WHY CANADA NEEDS A TECHNLOGY TRANSFER
Prepared by Thomas E. Clarke, M.Sc., M.B.A.
Stargate Consultants Limited
(Revised March, 2008)
[Complete report is available on request]
Governments around the world are viewing their in-house laboratories as a source of scientific and technical knowledge and hardware that can assist them in promoting and supporting knowledge-based industries needed to compete in the global economy of the 21st century. The Canadian government also believes that its government laboratories have a role to play in strengthening Canada's technological innovation infrastructure. Unfortunately, Canada's reliance on a mixture of government statements, antiquated Acts, and poorly drafted Treasury Board policies to promote the transfer of government developed technology or expertise is not adequate. This reliance has contributed to confusion over ownership of intellectual property (IP) that results from government procurement contracts, lack of consistent administration of rewards to inventors and innovators across government departments and agencies, questions regarding whether senior managers are really supportive of technology transfer, unnecessary fear over conflict of interest issues, and a "them" versus "us" attitude building up between government bureaucrats and Canadian industry.
In order to encourage the utilization and transfer of technology and knowledge developed by government scientific/technical personnel, and to bring fairness, consistency and legitimacy to the technology transfer process in Canadian government departments and agencies, including Crown Corporations, Canada needs a Technology Transfer Act .
The objective of this paper is to stimulate discussion on the need for such an Act and what the Act should encompass. To support the argument for such a Technology Transfer Act, an overview of pertinent US technology transfer legislation is provided along with a description of the various Canadian initiatives to promote technology transfer. This paper also provides recommendations on some issues a Canadian Technology Transfer Act should address in order to bring Canada's efforts to encourage the transfer of technology from government laboratories into the 21st century.
U.S. Initiatives to Promote Technology Transfer to the Private Sector
U.S. efforts to encourage the adoption or commercialization of technology from U.S. government agencies are usually based on legislation rather than policies or bureaucratic statements. The most pertinent legislation and mechanisms the US government has put in place to encourage technological innovation through technology transfer from government laboratories are:
The various amendments and improvements over the years since the Bayh-Dole Act were designed to overcome problems that the drafters of the earlier acts did not anticipate. It was not, however, until the promulgation of the Federal Technology Transfer Act of 1986 that some government agencies began to take technology transfer seriously. The 1986 Act ensured that government agencies could not avoid technology transfer activities and that public servants share in the royalties from the licensing of government technology. It also made each science and engineering professional employed by the U.S. Government responsible for transferring technology.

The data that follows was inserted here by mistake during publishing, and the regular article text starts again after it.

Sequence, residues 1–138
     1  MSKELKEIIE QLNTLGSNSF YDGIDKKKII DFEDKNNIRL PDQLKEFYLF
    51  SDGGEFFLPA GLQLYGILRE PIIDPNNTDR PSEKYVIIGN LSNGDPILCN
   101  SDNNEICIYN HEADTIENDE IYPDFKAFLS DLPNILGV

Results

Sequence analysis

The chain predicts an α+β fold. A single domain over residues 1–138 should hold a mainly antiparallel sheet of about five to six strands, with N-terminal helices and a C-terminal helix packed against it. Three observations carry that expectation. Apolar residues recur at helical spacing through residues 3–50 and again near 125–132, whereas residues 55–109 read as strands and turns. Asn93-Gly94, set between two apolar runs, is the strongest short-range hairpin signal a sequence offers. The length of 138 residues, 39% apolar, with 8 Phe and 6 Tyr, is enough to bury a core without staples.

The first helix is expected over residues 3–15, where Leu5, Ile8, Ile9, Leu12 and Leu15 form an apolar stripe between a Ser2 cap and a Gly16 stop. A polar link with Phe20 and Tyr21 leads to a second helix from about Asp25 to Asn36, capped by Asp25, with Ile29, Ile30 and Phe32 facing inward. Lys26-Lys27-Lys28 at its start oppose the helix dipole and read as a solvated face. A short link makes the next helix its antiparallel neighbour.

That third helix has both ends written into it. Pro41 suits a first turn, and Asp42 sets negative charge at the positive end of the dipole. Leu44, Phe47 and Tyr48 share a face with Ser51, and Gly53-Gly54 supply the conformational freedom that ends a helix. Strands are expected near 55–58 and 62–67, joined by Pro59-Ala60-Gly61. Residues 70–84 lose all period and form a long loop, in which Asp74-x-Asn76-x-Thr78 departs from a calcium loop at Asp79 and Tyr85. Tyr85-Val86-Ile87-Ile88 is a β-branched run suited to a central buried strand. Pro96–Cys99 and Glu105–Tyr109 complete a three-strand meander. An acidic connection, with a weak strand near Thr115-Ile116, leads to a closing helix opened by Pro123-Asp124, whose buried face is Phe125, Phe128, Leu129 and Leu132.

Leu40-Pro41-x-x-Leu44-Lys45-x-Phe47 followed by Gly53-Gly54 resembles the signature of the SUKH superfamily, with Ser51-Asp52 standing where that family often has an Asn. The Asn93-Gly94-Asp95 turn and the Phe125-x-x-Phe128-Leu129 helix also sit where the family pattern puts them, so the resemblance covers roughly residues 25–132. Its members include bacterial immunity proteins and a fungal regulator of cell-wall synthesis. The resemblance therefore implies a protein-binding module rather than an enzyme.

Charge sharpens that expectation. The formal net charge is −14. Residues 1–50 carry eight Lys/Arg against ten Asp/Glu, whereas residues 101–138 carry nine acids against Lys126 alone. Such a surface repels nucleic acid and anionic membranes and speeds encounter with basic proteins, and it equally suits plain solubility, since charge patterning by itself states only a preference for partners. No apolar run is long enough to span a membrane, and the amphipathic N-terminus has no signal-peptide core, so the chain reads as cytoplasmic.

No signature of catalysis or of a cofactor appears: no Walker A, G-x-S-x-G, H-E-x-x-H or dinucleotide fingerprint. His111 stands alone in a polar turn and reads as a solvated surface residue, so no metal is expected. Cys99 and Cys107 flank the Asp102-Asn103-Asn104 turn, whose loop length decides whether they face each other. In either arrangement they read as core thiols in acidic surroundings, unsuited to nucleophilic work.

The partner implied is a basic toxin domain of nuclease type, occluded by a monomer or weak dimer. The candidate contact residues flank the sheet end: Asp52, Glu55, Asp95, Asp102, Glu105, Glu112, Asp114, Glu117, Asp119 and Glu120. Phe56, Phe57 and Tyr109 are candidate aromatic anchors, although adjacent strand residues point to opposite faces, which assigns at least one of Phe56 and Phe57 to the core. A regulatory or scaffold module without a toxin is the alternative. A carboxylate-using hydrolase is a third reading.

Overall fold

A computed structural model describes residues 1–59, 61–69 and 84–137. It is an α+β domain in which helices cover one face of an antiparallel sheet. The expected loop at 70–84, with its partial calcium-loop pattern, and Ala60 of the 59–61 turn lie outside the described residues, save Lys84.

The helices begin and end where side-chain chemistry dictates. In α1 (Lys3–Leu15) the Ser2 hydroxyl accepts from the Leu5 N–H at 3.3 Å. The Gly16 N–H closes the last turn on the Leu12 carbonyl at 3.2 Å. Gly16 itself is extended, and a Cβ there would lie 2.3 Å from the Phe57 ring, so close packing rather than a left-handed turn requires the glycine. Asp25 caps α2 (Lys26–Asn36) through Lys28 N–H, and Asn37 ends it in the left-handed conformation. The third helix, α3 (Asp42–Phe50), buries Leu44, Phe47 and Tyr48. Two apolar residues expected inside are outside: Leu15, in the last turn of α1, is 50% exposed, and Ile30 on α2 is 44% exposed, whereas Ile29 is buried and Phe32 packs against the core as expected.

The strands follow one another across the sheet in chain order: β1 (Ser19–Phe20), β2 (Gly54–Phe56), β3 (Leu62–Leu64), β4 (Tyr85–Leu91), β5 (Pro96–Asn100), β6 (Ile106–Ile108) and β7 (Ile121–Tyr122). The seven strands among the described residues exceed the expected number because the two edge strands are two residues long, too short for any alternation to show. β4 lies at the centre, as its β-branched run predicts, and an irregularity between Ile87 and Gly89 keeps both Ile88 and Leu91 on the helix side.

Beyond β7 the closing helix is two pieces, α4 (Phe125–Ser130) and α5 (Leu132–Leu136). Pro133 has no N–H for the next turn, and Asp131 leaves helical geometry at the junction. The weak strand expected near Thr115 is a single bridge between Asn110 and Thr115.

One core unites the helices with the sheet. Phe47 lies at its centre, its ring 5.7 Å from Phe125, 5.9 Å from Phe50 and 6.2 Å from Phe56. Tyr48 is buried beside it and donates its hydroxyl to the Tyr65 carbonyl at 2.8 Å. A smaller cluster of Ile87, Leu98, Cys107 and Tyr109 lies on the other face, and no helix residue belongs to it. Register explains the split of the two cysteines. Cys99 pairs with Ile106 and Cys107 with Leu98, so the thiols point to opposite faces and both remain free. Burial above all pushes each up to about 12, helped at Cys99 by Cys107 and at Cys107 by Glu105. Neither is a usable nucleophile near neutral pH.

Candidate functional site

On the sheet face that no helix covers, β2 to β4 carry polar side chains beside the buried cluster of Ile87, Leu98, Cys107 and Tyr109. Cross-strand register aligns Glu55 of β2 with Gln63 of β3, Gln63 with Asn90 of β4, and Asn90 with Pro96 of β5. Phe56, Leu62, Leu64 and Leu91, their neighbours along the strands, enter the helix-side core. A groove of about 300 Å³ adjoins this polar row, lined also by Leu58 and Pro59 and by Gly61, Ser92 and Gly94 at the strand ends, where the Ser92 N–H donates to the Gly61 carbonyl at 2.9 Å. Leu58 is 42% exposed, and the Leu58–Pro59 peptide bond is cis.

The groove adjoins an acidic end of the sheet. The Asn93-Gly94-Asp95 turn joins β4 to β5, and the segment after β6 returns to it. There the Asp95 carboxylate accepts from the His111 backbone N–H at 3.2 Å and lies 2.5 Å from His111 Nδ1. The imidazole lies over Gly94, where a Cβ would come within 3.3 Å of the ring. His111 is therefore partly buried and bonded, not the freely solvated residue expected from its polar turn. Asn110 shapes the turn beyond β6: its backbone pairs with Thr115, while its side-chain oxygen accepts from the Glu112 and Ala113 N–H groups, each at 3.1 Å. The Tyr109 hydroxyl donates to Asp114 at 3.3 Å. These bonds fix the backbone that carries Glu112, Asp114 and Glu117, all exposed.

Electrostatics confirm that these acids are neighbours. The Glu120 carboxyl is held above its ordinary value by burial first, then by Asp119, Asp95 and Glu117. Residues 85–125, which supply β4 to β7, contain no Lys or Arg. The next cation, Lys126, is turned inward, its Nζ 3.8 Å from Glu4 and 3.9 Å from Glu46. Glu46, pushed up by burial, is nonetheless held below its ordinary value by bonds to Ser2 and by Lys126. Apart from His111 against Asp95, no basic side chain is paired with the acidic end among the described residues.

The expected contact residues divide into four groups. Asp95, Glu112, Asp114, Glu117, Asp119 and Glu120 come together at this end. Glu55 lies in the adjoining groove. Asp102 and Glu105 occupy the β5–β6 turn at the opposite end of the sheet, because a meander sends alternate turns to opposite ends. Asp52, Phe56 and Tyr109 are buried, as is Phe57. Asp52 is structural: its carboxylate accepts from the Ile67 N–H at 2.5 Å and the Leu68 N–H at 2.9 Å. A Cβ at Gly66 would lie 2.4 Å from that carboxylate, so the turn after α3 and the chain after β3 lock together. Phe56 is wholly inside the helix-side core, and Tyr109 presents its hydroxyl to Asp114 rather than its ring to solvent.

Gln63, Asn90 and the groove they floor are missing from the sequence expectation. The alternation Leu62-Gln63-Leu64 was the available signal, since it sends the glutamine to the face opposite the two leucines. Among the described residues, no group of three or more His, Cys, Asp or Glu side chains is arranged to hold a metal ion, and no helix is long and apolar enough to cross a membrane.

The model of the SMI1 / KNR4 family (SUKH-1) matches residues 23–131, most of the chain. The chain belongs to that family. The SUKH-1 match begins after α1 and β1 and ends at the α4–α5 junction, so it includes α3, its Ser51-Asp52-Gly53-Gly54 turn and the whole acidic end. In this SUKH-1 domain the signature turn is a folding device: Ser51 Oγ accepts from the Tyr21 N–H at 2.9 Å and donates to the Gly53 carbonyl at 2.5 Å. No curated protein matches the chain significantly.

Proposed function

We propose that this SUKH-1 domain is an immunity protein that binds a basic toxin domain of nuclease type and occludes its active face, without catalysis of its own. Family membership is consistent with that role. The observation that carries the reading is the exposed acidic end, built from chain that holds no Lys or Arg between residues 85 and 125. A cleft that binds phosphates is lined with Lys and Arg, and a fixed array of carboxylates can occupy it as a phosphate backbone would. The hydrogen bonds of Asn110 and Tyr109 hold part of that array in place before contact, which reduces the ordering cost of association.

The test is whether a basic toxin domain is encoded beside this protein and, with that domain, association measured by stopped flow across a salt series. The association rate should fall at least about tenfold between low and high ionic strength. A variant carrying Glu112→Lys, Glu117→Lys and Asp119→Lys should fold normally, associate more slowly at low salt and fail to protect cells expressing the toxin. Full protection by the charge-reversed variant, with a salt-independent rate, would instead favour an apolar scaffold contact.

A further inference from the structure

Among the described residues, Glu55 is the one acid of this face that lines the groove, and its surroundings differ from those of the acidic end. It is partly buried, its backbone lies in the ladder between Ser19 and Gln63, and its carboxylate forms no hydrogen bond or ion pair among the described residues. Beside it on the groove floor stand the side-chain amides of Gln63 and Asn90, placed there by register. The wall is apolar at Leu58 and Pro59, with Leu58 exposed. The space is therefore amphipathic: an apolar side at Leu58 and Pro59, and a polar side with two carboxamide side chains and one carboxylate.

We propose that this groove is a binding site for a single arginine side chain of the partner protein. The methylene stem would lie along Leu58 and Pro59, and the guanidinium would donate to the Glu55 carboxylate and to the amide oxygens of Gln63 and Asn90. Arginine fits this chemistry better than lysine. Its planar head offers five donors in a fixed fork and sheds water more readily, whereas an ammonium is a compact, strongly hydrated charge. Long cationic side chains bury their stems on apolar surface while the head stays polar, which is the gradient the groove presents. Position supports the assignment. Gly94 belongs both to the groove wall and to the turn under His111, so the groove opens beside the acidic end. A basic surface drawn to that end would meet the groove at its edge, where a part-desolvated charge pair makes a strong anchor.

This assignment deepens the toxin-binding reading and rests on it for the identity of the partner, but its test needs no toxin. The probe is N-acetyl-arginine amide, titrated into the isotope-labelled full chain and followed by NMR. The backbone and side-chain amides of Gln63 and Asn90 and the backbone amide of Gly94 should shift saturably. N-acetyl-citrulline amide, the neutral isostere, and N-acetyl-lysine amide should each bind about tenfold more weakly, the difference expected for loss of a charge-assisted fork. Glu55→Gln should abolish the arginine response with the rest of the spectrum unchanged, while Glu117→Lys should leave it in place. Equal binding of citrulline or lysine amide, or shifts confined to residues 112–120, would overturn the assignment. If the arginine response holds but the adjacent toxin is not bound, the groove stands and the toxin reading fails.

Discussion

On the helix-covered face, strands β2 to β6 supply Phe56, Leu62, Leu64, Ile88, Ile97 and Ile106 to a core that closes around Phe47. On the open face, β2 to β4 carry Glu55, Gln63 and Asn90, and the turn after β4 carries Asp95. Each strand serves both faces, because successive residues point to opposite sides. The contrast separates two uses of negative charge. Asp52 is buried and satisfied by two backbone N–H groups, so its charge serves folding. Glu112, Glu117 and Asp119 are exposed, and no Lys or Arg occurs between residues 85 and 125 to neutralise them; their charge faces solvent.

An important mechanism established under the Act of 1986 was the "Cooperative Research and Development Agreement (CRADA)". This was intended to improve the way in which federal agencies transfer commercially useful technologies to the private sector via collaborative R&D projects. Under a CRADA, a federal agency can provide people, services, facilities, equipment, IP, or other resources, but not funds, to the non-federal partner, and the non-federal partner can provide funds, people, etc. toward the conduct of specified research or development initiatives that are consistent with the mission of the agency. The CRADA rules were improved in 1995 by ensuring that the non-government partner would have the right to an exclusive license in some area of application. Some of the key features of a CRADA are:
The actions of the U.S. government to promote technology transfer has resulted in an increase in revenues from about $9.7 million in 1990 to well over $45 million in 1998.
It is clear from the U.S. legislation that U.S. legislators, prompted no doubt by industry, are proactive in considering technology transfer as an important tool to support and improve the U.S. economy. The U.S. Congress, in its review of H.R. 209 states: "the technology transfer process must be made 'industry-friendly' for companies to be willing to invest the significant time and resources needed to develop new products, processes and jobs using federally funded inventions". This is in sharp contrast to Canadian legislators who face only sporadic pressure from Canadian industry and have never had any substantial dealings with technology transfer issues in the past twenty years.
Canadian Initiatives to Promote Technology Transfer to the Private Sector